This shows that police are making things up to get citizens in trouble. Police say they stop people for wearing “inappropriate attire for the season”, which is unacceptable, since the first amendment depicts the idea that you have the right to free expression, that means that the government can not forbid us from believing what we want, or what we want to wear. Sometimes police are not wrong about suspicious attires, for example wearing a bomber jacket to the airport on a warm day.Cops are exploiting our weak laws against it,” by Ranjana Natarajan, explains where law enforcements are using excessive force on a black male, named Eric Garner. In “Racial Profiling in Preschool,” by Editorial Board, expresses how black adolescents are given harsher punishments than others. Based on the analysis of strong textual evidence and the conducted research, it is clear that racial profiling is an unnecessary policing strategy because there are many possibilities such as unjustified deaths, the isolation of individuals, and irrational accusations. An indication that disproves the claims that racial profiling is an essential policing tactic centers on the idea that it can lead to unreasonable accusations. Native American In the article, Jim Crow Policing, Herbert states “Several plaintiffs detailed how their ordinary daily lives were interrupted by cops bent on harassment for no good reason” (Herbert 11).
Native American face mask
In these cases, the statistics shows that the police suspension on people Before enrolling in this class, I was unaware of the topic that would be introduced to us. Many of my friends have taken this class in the past and recommended that I check each course to see which topic the class focuses on. Native American Instead, I neglected their words of advice and dove into the class blind. Although I was unaware of the topic to be introduced, once I heard it being about mass incarceration, I was somewhat relieved. The class I took as a prerequisite to Writing 39C was Writing 37 and the topic was about racial conflict in the past. Upon hearing the topic in our first session, my mind instantly linked together the racial conflict I had prior knowledge about to the racial profiling that was an incentive to the mass incarceration. Connecting these two broadened my view on the “New Jim Crow” and allowed me insight on where I wanted to start my research and how to branch off from it.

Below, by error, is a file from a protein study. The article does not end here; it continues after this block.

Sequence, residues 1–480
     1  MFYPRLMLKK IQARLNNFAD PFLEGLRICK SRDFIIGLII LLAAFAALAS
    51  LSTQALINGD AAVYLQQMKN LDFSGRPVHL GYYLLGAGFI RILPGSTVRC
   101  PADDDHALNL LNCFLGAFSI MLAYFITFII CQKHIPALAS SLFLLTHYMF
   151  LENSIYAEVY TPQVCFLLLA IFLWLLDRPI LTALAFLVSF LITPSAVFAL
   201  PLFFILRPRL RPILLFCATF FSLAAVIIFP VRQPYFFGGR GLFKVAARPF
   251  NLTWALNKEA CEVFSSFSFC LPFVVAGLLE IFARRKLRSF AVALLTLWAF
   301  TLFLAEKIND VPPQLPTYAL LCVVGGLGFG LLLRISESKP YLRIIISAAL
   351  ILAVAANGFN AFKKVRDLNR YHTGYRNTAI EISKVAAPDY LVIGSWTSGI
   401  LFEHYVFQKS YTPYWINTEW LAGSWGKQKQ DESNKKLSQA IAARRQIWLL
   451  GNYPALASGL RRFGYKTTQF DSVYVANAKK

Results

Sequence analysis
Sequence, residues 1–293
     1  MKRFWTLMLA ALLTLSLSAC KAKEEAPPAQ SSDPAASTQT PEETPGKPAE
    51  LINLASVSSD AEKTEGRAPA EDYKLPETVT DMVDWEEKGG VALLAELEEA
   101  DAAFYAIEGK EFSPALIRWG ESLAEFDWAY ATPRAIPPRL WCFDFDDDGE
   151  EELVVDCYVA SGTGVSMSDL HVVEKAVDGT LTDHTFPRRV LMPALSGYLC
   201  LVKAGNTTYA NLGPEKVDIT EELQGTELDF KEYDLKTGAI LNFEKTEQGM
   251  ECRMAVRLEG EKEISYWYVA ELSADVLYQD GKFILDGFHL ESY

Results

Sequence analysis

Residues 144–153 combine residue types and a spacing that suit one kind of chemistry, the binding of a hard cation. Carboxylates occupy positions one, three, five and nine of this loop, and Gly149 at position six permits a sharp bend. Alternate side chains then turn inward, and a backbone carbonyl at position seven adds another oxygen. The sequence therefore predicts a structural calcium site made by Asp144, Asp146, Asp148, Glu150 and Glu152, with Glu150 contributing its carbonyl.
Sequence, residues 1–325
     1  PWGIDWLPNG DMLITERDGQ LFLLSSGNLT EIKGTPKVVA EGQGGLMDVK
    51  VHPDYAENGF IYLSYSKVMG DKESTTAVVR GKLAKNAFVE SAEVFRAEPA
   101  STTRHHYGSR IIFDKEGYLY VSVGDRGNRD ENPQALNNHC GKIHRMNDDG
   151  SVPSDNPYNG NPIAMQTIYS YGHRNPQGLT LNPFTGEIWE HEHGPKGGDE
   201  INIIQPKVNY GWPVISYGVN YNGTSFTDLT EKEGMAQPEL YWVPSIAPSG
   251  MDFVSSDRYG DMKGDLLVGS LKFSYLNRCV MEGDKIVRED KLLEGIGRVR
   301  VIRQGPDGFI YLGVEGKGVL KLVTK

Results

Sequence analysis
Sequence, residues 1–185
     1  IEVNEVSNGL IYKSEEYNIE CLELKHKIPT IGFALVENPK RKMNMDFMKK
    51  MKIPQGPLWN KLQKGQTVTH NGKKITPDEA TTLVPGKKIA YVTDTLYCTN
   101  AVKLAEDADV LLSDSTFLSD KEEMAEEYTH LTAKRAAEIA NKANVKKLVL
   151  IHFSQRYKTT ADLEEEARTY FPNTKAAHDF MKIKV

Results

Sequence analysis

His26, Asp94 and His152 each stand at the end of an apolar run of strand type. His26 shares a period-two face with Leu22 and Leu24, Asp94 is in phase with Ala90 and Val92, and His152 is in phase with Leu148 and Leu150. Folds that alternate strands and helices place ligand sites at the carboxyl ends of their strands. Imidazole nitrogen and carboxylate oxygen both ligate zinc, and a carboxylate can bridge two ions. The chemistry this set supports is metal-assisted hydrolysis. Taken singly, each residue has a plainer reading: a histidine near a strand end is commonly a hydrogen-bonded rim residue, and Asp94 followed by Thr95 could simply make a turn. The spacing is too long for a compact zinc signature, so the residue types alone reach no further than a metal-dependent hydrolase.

What a nice mask!
In the beginning of my research, I was not as interested with the topic, but at a certain point of piecing my research together, I was filled with motivation for it. Once I was able to piece in my mind that the issue I selected could be advocated in such a prospering way motivated me. To be frank, I felt as if I was an actual advocate who advocated for my solution to the government. Embarrassingly enough, I became very passionate with my solution because I truly believed that my topic was a major problem in society that influenced our nation as a whole. Native American Of the supplementary readings provided, I found “From Slavery to Mass Incarceration” by Loïc Wacquant the most intriguing. This particular article is based on “rethinking the ‘race question’ in the US” and the disproportionate institutions set apart for African Americans in the United States. The volatile beginnings of African Americans presented obvious hardships for future advancement, but Wacquant argues that they still suffer from a form of modern slavery. Wacquant introduces four “peculiar institutions” that are responsible for the “control” of African Americans throughout United States history: chattel slavery, the Jim Crow system, the ghetto, and arguably the dark ghetto.